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  • The right balance of hard surfaces to planting areas is an individual choice which will depend on how you plan to use the space.
  • A landscape with a high proportion of plantings will cost less than one with a lot of hardscape surfaces like patios and paths.

A landscape designed with xeriscape principles in mind will make the most of any naturally-occurring water, while minimizing how much additional water is needed through careful design and plant selection. Here, landscaping professionals share their tips for designing low-water landscapes.

Why xeriscaping?

People develop an interest in xeriscaping for a few reasons. Elizabeth Przygoda-Montgomery of Boxhill Landscape Design in Tucson, AZ says the most common reasons people xeriscape are:

  • To save money on water
  • To be more eco-friendly
  • To reduce maintenance for vacation or rental properties

Each of these perspectives will have an impact on the decisions you make during the design process. For example, if you're primarily interested in saving money, you may want to minimize added amenities such as large areas of hardscaping or water features. If you're coming to xeriscaping from an environmental angle, selecting native plants and watering them using a rainwater harvesting system is a great way of enjoying beauty while benefiting the earth. Frequent travelers, or people with a vacation or rental home, should choose exceptionally low-water plants and use a rain sensor, which adjusts the automated irrigation system during times of natural moisture.

Patios vs. planting

The next consideration involves how you plan to use the space. You could have a higher percentage of hard surfaces such as patios and pathways for entertaining, or you could opt for larger planting beds, which soften the architecture and provide colorful beauty.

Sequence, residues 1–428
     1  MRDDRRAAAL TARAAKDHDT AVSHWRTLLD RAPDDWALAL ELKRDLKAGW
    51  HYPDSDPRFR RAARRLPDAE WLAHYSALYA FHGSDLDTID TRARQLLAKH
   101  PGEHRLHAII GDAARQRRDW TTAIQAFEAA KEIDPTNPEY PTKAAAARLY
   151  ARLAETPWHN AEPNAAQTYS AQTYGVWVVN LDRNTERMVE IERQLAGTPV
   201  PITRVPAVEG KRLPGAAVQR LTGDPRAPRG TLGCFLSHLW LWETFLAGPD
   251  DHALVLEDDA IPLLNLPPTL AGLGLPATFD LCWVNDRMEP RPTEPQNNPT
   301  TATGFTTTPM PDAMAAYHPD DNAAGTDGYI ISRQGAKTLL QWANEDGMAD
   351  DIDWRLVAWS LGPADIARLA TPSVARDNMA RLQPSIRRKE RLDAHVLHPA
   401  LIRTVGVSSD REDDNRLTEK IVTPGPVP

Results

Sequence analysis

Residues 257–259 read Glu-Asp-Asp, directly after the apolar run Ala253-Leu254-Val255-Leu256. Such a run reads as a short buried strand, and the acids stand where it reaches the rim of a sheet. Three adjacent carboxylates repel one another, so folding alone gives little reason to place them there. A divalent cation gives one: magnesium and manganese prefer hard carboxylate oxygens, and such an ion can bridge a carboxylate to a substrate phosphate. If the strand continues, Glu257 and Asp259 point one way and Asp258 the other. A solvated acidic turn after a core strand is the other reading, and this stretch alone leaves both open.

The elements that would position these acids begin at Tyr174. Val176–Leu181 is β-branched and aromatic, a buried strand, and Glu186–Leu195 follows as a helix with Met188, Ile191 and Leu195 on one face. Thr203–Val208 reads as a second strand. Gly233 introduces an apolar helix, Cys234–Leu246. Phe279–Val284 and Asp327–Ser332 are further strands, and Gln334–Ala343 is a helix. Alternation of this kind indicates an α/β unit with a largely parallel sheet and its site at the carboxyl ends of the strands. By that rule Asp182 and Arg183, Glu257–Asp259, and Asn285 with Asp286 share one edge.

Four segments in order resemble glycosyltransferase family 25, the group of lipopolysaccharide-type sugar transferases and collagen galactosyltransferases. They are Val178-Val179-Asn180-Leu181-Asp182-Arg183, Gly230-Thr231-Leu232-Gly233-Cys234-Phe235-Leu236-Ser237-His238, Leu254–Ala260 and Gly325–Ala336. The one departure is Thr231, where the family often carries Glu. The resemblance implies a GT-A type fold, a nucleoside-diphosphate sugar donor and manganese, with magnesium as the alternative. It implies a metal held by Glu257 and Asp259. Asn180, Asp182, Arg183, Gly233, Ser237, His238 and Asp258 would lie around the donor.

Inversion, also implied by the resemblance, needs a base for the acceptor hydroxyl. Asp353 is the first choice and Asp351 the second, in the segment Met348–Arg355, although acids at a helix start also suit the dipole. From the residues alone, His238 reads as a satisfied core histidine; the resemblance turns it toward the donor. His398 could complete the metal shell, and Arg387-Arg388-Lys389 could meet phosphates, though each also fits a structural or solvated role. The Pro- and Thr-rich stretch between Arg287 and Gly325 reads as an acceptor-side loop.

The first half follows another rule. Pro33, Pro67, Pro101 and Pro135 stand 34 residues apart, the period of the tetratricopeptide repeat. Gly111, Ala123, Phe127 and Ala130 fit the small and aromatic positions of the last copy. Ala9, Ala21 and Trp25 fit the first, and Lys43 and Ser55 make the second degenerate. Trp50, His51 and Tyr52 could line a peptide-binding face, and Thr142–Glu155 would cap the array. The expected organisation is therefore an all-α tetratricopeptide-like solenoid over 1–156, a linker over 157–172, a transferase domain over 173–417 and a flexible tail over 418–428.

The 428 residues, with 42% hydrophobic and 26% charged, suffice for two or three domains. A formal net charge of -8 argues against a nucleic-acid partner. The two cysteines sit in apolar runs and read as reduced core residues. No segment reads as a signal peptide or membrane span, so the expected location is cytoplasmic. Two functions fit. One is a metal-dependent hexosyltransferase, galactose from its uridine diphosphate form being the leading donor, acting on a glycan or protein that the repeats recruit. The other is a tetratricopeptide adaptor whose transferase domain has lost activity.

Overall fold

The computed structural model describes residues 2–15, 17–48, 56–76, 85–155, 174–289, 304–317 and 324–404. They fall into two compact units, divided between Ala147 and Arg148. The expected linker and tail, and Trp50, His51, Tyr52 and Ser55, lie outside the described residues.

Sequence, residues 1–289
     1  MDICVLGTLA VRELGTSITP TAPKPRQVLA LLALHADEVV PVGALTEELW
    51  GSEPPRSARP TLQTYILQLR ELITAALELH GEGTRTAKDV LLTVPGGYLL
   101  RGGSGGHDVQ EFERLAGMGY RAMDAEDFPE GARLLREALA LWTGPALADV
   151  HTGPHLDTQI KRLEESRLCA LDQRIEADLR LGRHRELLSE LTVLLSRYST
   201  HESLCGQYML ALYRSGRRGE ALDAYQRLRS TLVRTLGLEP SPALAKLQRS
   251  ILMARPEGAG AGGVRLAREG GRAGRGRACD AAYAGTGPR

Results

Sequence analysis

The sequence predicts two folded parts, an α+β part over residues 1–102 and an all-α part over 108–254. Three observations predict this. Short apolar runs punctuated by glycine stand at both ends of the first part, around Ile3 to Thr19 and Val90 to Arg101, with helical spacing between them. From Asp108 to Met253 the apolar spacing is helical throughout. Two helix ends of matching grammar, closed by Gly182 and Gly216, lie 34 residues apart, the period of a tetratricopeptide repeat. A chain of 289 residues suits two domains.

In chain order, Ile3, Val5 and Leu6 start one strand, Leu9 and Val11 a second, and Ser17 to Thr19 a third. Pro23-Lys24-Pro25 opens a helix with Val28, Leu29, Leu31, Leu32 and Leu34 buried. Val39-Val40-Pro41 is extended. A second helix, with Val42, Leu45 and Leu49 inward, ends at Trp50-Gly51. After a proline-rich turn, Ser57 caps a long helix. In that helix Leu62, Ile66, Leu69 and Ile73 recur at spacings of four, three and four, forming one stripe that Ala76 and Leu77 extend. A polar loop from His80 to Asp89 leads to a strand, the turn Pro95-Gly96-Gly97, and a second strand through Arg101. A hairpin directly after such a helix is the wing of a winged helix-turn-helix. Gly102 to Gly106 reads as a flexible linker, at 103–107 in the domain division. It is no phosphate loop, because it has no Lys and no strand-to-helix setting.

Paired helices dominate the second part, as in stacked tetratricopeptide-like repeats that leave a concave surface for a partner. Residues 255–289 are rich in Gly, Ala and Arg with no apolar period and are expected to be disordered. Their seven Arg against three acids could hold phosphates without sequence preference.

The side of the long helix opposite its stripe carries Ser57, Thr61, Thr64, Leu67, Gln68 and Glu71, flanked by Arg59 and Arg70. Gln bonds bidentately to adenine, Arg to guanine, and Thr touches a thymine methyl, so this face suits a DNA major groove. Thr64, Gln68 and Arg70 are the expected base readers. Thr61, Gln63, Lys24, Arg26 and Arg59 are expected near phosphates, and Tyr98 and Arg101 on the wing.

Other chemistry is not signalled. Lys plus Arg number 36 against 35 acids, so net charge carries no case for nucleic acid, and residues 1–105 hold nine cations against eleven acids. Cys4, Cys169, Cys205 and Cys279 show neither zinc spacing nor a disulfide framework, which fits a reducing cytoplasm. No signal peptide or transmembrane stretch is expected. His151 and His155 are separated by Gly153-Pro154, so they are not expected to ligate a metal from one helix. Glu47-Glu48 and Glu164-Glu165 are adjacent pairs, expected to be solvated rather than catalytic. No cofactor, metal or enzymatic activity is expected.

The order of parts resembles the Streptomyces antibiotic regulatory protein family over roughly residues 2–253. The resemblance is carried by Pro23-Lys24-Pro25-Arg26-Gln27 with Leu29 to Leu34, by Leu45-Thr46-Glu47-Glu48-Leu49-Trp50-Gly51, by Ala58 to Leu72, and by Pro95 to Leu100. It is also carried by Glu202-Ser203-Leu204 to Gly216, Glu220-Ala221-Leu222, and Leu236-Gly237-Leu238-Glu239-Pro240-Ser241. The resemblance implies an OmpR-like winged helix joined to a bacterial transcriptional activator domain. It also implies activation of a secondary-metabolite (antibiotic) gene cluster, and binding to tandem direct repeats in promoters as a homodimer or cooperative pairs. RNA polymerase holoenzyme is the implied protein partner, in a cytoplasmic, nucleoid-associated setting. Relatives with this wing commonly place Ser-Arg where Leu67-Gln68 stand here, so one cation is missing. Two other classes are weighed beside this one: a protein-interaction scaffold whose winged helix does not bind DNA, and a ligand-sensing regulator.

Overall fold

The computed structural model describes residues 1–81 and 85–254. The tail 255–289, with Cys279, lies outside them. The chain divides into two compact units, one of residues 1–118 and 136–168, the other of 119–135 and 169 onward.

"Decks, patios, fire pits, outdoor kitchens and big water features are the expensive elements in our business," says Mike Woods of J&S Landscape in Longmont, CO. "Usually people want one of each when the designing begins, but later in the process, people make choices based on what they'll really use and enjoy given the costs."

As for plantings, don't think because you are using low-water plants, the landscape can't be every bit as stunning as that water-hogging display down the street. "It's not zero-scaping", says Przygoda-Montgomery. "If people love plants, we can create something Monet-beautiful, a year-round pastel garden. Xeriscaping can adapt to any style."

Both hard surfaces and plantings have their place in a successful xeriscape. Finding the right balance for how you will use your landscaping is key.

Choose a higher percentage of hard surfaces if:

  • You entertain a lot
  • You don't like to garden
  • You live in a cooler climate, since many types of hardscaping can reflect heat and become oppressive under the beating sun
  • You have a generous budget

Choose a higher percentage of planting beds if:

  • You enjoy the natural beauty of plants and like to garden